Kristen Swensson and Leigh Angel
Special to CNN
We hear it on the news like a drumbeat: Millions of kids eat out too much, lack access to fruits and vegetables, and it seems no one's teaching them how to make healthy choices.
Childhood obesity and juvenile diabetes are on the rise like never before. "This may be the first generation that has a shorter life expectancy than their parents," said an author of a report in the New England Journal of Medicine.
In February, first lady Michelle Obama introduced an initiative called Let's Move! to do something about the situation. She even laid it on the line when she spoke to the Grocery Manufacturer's Association last week, "We need you ... to entirely rethink the products that you're offering, the information that you provide about these products, and how you market those products to our children." The Grocery Manufacturer's Association says it's on its way to compliance.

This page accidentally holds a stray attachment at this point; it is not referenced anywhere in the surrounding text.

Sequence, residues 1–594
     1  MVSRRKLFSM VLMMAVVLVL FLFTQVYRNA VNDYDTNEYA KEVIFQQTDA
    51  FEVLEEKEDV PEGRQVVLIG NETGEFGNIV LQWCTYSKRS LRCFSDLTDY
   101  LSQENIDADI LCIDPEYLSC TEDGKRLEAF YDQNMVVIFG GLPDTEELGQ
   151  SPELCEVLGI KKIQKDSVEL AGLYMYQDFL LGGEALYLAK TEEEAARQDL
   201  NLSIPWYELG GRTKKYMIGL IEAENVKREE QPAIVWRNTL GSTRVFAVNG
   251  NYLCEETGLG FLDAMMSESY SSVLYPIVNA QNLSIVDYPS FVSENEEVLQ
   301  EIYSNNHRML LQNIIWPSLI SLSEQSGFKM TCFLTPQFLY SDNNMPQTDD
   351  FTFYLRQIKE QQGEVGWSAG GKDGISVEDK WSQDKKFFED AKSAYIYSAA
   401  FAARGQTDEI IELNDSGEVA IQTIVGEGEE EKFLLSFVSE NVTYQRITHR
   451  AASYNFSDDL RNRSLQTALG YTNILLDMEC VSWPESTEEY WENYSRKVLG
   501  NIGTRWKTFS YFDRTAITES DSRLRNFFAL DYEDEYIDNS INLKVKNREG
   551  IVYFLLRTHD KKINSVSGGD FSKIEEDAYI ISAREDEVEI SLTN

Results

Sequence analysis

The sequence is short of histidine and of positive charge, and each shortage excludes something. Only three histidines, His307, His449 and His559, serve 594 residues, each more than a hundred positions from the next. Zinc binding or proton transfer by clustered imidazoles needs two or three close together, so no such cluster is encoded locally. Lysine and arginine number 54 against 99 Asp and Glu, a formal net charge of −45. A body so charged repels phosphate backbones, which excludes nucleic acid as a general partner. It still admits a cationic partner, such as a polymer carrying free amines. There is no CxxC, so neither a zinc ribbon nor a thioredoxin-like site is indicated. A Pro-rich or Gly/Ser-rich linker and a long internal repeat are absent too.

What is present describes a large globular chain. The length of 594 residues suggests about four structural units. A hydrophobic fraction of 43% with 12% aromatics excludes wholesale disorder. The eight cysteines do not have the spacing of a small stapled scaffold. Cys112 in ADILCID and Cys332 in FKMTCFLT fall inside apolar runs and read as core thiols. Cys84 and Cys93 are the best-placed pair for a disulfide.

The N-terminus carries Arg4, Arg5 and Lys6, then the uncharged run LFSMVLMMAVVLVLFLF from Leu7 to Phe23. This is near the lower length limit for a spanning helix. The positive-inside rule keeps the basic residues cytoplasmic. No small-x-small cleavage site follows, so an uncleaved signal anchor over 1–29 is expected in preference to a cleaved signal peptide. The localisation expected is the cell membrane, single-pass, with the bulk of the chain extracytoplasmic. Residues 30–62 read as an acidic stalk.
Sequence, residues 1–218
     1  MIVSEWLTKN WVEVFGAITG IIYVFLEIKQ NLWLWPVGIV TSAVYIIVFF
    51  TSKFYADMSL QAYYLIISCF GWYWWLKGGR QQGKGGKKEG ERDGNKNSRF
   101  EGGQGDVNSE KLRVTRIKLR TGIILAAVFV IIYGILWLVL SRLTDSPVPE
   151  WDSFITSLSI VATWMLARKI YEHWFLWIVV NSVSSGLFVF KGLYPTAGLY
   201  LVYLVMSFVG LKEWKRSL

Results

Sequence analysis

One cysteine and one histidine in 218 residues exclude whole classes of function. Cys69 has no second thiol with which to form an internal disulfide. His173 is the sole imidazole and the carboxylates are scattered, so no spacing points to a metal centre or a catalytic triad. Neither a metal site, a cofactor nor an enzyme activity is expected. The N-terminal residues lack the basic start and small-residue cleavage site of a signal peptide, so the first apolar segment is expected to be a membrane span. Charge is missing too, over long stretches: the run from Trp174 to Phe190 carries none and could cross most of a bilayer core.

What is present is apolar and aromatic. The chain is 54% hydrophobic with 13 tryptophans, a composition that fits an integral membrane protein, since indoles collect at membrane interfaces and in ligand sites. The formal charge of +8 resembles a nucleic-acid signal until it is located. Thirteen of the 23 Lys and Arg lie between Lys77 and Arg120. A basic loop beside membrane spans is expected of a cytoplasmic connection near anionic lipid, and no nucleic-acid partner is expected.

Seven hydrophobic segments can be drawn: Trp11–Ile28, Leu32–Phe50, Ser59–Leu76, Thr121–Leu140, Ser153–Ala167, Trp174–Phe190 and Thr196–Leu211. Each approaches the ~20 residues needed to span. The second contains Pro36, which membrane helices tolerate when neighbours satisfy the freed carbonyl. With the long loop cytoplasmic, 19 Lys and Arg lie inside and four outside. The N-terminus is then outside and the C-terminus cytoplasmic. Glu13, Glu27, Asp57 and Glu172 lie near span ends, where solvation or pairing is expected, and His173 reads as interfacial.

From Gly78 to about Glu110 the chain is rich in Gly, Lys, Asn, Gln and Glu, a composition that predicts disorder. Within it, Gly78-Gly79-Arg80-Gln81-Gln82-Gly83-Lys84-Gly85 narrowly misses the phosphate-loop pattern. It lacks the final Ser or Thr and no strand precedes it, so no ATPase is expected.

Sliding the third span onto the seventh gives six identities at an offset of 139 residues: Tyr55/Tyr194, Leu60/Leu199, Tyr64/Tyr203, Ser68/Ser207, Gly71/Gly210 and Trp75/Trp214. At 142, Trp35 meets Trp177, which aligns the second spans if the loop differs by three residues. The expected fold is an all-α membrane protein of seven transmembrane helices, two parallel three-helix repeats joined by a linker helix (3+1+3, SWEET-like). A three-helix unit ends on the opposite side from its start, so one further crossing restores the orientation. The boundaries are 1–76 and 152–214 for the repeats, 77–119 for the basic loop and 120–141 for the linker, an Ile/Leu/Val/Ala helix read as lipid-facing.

But you don't need the first lady or an industry trade group to tell you how to improve your diet. You can have your own ambitious plan. You can start at home, by learning how to cook.
Filed under: Childhood Obesity
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